Eating late, or at inappropriate times might have a significant impact on both weight and normal sleep-wake patterns, a new study published in Cell Metabolism reports.
According to a Cell Reports study, mice with abnormal eating schedules are more likely to develop skin cancer cells. Researchers report abnormal eating times disrupt the skin's circadian cycle and weakens the potency of an enzyme that protects against UV rays.
A new study reveals a link between elevates microbiome levels of indole and hedonic eating. Researchers report those with higher levels of indole are more likely to have food addiction and overeating disorders.
A new study reports brown fat interacts with secretin, a gut hormone, to signal the feeling of fullness to the brain while eating.
Researchers have identified neurons in the guts of C. elegans that detect when bacteria are ingested and release a neurotransmitter that signals the brain to halt locomotion.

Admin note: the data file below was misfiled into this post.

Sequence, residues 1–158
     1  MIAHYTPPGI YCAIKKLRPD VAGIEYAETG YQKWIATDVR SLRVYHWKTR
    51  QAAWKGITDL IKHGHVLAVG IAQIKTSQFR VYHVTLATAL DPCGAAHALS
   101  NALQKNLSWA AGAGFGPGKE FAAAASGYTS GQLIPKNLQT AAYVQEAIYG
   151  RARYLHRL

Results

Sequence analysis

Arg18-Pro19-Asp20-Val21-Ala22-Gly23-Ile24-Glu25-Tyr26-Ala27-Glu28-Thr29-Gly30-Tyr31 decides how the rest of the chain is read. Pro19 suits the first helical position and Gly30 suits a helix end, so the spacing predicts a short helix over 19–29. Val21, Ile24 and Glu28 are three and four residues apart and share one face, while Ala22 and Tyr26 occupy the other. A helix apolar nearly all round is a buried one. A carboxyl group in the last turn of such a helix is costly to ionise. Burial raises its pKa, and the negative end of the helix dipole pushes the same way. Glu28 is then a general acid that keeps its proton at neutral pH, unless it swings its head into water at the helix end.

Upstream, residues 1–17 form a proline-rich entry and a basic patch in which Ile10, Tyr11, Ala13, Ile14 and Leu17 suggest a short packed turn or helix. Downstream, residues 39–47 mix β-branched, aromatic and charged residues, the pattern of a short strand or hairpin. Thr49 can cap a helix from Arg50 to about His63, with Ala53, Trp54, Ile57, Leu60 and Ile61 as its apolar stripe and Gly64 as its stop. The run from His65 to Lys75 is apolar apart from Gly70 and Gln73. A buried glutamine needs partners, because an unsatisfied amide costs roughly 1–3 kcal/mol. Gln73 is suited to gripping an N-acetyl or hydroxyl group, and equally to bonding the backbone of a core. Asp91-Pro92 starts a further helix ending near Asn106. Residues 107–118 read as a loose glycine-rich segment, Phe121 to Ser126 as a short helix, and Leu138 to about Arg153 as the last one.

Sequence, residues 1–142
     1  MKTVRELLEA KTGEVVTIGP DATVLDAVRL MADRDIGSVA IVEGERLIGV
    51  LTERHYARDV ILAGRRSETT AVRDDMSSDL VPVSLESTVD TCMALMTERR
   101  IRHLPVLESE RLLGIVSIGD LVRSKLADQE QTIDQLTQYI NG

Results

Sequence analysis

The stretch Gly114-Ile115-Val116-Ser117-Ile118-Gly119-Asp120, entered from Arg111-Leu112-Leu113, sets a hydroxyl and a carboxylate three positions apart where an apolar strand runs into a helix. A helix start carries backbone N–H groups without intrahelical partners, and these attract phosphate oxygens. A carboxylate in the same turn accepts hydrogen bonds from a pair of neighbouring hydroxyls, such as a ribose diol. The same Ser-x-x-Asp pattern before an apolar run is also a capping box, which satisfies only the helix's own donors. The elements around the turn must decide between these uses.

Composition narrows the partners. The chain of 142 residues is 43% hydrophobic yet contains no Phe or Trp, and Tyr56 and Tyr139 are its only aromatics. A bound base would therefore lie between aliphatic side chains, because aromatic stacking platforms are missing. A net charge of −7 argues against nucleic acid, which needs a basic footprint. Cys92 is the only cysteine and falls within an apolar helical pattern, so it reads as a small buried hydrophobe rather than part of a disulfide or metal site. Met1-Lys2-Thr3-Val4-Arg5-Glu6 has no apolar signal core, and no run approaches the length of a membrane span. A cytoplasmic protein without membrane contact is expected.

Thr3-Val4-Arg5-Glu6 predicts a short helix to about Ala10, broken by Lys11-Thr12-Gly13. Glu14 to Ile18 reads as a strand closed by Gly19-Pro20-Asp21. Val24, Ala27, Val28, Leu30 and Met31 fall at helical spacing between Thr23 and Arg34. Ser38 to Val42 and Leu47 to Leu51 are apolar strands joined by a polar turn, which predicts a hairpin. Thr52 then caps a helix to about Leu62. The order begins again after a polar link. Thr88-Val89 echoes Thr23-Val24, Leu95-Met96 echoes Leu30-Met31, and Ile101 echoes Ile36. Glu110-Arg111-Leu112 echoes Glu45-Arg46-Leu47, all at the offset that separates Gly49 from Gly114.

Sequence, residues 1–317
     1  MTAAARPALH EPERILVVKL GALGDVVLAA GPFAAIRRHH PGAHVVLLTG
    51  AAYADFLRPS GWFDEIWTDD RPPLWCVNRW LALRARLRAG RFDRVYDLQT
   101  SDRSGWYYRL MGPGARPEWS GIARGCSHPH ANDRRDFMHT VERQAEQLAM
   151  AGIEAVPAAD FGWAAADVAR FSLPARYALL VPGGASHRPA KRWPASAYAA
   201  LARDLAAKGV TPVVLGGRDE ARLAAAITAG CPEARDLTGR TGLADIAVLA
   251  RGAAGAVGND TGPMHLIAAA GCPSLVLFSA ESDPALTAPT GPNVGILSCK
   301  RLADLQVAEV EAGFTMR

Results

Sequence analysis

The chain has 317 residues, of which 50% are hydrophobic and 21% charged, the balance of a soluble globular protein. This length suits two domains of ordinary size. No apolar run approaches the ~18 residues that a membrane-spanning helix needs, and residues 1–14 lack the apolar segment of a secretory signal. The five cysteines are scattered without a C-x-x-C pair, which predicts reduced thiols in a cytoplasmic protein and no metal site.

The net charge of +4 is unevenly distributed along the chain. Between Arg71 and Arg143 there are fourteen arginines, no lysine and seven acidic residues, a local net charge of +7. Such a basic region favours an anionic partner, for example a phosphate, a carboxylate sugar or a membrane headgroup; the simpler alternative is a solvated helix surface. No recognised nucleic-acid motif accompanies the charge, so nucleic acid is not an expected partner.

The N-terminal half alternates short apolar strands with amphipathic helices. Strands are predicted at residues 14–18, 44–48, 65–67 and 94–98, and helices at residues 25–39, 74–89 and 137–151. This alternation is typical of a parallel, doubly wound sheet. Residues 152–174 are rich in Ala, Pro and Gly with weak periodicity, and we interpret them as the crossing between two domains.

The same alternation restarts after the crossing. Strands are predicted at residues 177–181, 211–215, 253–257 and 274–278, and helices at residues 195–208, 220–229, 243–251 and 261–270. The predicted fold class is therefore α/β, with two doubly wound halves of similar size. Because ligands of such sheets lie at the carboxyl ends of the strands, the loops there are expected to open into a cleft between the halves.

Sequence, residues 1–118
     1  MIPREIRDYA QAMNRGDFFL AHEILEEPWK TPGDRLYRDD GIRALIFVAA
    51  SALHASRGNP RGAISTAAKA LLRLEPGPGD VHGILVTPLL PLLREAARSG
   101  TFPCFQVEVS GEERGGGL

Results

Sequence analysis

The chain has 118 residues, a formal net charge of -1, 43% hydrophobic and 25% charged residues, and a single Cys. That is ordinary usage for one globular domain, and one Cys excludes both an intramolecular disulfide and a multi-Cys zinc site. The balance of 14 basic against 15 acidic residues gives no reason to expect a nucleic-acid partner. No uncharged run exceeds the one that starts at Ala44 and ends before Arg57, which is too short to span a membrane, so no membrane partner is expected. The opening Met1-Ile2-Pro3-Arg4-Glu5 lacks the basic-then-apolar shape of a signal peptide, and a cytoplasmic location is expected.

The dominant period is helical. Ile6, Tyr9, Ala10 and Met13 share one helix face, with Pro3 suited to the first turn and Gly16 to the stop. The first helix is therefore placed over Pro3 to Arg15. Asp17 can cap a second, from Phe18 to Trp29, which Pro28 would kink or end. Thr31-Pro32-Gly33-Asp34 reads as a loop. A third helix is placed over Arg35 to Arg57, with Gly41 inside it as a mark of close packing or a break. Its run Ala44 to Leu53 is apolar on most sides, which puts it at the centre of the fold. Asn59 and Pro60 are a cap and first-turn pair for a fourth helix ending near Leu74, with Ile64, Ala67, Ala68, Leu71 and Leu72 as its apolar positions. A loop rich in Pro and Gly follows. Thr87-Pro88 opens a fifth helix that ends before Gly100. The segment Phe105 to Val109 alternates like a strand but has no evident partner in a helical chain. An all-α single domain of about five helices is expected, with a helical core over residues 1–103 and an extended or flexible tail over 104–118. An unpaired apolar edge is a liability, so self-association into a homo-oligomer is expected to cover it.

A new study reveals the role dopamine plays in controlling eating behaviors. Researchers found when people crave specific foods, the brain releases more dopamine when they finally consume the item. The study reports the gastrointestinal tract is in constant contact with the brain and uses reward stimuli to control our desire for food.
Researchers have identified neurons in the brains of rats that control future food intake by preserving memories of past meals. The findings suggest boosting meal memories could help to manage overeating and curb obesity.